My favorite movie critic is Richard Brody of The New Yorker. Each year, he publishes a list of the best and worst movies from around the world—the list has been my staple for years. In 2014, Brody mentioned Oscar notable Birdman in the worst category. This year, The Revenant gets some flak. Brody suggests that for both movies by the director Alejandro González Iñárritu, the gap between ambition and delivery is filled not by imaginativeness, but by a grandiose attitude: a balletic camera trying to hide a spiritual hollowness. I agree.In literature, too, there are examples of bluster filling the gap between high ambition and actual content. Altaf Tyrewala’s debut novel, No God in Sight, garnered near-universal praise over a two year period from 2005 to 2007, in which it was published in country after country and translated in various European languages. My Penguin copy had a front-cover Salman Rushdie blurb laden with numerous five-star adjectives. Manil Suri’s back-cover blurb called it “a bullet-train of a novel,” in a good way.Tyrewala’s thin novel is indeed big on ambition. It is composed of dozens of vignettes, almost all in first person. What we have is not a single narrative arc but a variety of situations, all of which are supposedly contributing to the meaning inherent in the title. Tyrewala comes up with good scenarios, most of them involving Muslim protagonists. There are abortionists, shoe sellers, young lovers, cops, rich people, fake Urdu teachers, and others – all struggling to get by. But Tyrewala' writing chops do not turn up routinely. Sample the below exchange between a woman and her boyfriend:"I'm sorry Abhay, you're just too crude! We've tremendous physical chemistry, agreed, but we can't be in bed all the time. What about the mornings or during meals? What do we talk of then? How many programmes you debugged? I want someone immersed in life, someone who can buy me diamonds while fascinating me with his take on Pynchon's works."'No, Swati, no!' I looked up from between her thighs. 'You're the one for me! Give me two months. When I come back to Boston, I promise I'll be dripping with the humanities like you won't believe.'I'm too lazy to accommodate other examples of shoddiness, but suffice to say that one often wonders if Tyrewala’s conceit of multiple 1000-word vignettes isn’t a ploy to hide the sub-standard nature of his content. It is a pity that the structure happens to be the most definitive thing here; the component stories, of variable quality, do not contribute to the initial design uniformly. The novel reads like a brief survey of lives, and the more-or-less aleatory nature of the selections bares the writer’s deficiencies. Had there been more of a plan, had the writing been better, and the vignettes longer, the book would have left a better impression. For now, this reader is left wondering just how a Salman Rushdie blurb resembles an Oscar nomination.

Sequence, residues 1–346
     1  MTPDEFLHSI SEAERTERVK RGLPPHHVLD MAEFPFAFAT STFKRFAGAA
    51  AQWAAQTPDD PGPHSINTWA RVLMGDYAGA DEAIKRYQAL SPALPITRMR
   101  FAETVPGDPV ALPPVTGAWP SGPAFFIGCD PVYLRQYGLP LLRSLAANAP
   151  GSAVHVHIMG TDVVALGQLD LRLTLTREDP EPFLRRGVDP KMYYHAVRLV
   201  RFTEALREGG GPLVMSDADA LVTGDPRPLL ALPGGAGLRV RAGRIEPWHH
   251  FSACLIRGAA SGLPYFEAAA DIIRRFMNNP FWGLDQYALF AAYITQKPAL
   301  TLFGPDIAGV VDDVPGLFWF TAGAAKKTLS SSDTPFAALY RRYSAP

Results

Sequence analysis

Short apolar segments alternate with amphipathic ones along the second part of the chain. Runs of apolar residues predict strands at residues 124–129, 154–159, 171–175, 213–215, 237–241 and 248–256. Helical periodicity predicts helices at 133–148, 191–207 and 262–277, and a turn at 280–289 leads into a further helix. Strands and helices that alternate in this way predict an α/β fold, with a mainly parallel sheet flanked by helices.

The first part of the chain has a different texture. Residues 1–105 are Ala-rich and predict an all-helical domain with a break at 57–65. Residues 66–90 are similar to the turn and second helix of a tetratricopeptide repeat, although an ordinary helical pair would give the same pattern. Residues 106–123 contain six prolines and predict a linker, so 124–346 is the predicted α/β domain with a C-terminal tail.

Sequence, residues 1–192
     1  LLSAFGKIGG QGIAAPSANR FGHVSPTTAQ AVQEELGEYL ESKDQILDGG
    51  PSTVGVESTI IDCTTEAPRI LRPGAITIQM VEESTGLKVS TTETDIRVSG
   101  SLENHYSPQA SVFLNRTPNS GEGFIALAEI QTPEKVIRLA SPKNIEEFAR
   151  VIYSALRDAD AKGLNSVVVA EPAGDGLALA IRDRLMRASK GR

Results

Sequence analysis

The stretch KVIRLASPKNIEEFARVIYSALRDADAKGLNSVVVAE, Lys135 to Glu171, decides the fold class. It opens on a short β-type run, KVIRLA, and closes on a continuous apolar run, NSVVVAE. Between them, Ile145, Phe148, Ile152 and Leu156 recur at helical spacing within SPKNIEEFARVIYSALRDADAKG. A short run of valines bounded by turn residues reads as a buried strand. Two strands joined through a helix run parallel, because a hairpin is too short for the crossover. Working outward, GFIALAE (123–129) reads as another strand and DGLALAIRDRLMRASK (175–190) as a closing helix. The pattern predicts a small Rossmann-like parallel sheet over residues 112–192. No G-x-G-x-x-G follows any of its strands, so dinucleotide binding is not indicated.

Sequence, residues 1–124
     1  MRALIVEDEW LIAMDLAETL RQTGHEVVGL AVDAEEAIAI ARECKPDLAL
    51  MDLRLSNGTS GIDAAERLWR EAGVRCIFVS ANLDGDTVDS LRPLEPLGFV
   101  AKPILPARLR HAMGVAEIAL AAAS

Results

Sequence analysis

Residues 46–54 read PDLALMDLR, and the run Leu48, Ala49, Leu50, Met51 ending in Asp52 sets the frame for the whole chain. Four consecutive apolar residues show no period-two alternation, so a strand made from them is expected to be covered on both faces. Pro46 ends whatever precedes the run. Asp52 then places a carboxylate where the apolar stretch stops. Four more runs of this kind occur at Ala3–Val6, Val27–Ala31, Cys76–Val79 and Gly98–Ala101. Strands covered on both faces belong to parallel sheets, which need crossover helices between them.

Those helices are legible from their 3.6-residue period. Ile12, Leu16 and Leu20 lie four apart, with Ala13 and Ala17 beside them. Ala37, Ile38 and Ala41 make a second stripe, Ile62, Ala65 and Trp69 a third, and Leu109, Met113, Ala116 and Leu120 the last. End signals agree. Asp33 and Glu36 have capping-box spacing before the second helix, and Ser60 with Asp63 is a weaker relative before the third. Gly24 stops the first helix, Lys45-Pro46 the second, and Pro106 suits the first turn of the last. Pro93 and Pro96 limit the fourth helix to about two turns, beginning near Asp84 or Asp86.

• Tanmay Tathagat
    2019-04-23 01:58